2. Pretend you’re already in the future time zone the moment you get on the plane and do activities and meals accordingly.  This is a tip I picked up from a magazine, but it really works.  If it’s two o’clock in the afternoon where you’re going, don’t start binge-watching movies.  If you wouldn’t normally have a cup of coffee at 3am, don’t start now.
  3. It’s OK to fall asleep.  The one exception to rule # 2 is napping.  When you feel tired and your eyes closing, try to take advantage of this by sleeping a bit.  It’s not going to offset the amount of jetleg you experience from traveling across eight time zones.  For example, if you’re flying from London to San Francisco and you sleep for two hours of the flight, the likelihood that you’ll be able to fall asleep at night SF time probably won’t change.

After the flight

Flying East to West is much easier.  When you do this, most often you land in the late afternoon and therefore are only faced with staying up for a few more hours.  Until then, have a good meal at the regular meal time and if you can, spend some time in the moonlight before bed.  Chances are you’ll get a second wind, so try to stay away from eating sugar and drinking caffeine or alcohol at this point.  My mom booked us a facial and a pedicure upon arrival: that sure didn’t hurt!!!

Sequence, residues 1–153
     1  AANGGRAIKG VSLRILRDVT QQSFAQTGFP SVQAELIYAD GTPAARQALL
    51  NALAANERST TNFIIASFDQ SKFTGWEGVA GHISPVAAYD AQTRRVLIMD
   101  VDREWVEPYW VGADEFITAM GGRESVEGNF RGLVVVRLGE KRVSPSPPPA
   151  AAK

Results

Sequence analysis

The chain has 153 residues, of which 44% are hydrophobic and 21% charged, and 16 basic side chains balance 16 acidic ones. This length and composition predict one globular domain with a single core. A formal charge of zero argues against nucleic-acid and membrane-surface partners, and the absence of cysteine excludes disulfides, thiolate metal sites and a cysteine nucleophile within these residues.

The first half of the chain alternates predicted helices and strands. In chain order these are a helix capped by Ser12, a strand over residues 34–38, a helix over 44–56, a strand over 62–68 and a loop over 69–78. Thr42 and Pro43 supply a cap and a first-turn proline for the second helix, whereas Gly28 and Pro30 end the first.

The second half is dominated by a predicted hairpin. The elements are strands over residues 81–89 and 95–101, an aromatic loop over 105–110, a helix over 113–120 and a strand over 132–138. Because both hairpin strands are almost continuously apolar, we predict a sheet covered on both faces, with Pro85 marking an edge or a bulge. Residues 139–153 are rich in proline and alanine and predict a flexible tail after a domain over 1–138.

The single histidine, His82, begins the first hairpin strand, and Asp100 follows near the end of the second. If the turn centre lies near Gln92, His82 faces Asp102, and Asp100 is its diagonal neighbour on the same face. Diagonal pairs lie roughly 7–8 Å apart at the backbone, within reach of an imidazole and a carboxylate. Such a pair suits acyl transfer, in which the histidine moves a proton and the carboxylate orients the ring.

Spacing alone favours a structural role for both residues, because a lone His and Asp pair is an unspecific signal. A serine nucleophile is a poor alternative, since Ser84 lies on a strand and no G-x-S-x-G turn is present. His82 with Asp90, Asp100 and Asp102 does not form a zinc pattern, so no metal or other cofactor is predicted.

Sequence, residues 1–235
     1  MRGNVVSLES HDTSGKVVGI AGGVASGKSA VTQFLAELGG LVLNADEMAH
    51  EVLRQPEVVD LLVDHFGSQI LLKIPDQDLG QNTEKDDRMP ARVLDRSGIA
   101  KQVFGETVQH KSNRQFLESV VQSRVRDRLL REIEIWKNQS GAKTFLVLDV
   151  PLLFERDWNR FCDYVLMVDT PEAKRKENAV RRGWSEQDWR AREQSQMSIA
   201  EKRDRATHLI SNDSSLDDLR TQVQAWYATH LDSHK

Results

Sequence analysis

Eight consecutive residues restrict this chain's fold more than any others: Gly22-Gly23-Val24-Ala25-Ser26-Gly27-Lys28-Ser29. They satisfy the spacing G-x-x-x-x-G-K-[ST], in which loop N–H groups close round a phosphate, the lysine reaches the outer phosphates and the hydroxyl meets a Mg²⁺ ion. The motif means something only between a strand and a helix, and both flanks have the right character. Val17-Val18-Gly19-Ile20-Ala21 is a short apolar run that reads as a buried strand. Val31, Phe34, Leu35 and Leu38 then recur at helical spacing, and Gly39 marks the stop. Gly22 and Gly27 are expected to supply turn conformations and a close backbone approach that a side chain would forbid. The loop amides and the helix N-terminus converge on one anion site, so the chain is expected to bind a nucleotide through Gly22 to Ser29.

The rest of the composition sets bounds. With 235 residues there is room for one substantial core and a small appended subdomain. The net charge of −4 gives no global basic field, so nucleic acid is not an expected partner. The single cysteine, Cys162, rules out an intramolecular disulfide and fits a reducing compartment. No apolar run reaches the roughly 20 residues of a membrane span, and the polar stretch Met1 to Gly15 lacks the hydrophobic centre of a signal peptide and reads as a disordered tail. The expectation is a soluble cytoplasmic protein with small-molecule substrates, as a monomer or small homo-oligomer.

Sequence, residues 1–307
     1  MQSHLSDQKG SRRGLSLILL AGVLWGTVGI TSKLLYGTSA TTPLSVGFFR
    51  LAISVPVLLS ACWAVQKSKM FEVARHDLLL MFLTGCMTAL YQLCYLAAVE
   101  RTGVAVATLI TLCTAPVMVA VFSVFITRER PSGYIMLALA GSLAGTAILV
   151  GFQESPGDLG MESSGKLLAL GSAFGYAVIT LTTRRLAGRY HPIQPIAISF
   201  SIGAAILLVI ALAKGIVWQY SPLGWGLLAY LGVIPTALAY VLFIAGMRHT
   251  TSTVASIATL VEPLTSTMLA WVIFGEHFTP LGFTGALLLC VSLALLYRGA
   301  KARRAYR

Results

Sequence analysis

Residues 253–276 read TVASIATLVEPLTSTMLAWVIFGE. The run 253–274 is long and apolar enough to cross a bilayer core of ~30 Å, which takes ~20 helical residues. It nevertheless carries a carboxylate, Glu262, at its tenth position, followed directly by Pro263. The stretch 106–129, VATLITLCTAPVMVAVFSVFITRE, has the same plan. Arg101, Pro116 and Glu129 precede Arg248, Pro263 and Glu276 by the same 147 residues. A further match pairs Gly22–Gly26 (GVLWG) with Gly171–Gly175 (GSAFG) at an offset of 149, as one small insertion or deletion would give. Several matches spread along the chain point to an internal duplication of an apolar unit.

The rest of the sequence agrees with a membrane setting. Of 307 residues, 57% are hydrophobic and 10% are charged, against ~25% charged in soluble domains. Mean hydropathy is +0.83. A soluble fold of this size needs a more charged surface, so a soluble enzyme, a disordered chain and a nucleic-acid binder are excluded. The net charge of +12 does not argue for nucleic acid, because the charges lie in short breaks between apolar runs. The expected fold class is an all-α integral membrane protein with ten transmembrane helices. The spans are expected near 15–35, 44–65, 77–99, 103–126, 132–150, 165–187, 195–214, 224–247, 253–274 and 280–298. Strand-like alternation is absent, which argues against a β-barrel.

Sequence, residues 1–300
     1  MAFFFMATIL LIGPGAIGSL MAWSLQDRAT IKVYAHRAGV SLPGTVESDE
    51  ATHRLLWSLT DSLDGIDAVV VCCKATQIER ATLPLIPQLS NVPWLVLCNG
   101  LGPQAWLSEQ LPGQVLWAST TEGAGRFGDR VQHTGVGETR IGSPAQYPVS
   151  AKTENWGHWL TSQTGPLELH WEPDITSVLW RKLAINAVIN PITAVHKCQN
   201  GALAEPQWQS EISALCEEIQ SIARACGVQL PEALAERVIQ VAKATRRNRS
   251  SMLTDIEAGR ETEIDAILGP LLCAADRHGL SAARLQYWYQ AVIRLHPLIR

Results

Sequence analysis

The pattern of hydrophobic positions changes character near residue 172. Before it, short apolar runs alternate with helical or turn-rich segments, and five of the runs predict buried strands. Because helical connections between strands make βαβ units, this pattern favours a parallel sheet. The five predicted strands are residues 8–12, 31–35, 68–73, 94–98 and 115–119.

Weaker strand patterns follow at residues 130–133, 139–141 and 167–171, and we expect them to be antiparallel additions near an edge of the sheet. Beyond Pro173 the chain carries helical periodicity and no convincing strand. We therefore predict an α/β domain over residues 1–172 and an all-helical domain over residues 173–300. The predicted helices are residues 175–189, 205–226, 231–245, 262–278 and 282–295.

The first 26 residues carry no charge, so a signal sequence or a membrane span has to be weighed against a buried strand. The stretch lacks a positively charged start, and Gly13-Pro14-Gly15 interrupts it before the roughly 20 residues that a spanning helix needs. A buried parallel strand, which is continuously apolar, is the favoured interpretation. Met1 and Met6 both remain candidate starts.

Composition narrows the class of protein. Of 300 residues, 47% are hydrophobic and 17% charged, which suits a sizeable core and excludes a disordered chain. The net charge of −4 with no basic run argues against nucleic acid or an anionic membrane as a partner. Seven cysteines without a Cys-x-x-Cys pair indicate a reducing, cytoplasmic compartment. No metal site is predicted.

Flying West to East is the worst.  What are you supposed to do?!  The only thing I have found that works is to book a very late flight that leaves at 9pm or later and hope you get a row to yourself so you can sleep the whole way back.  If you’re coming from the West coast USA though, you’re screwed.  It will simply just take days to recover.

Despite the above, I am here in California, still suffering from jetlag five days after landing.  I woke up at 1am wide awake, 3am to eat, and now it’s 6 in the morning and I’m writing a blog post.  So really, the moral is that we’re not made for flying.   Train, anyone?

Does anyone out there have any other good tips?  Happy travels!

Our only Copenhagen

From the moment we stepped off the train, I was enchanted with the cosiness of Copenhagen.  Well, it’s not just cosiness, it’s Hygge.  How can a train station be Hygge?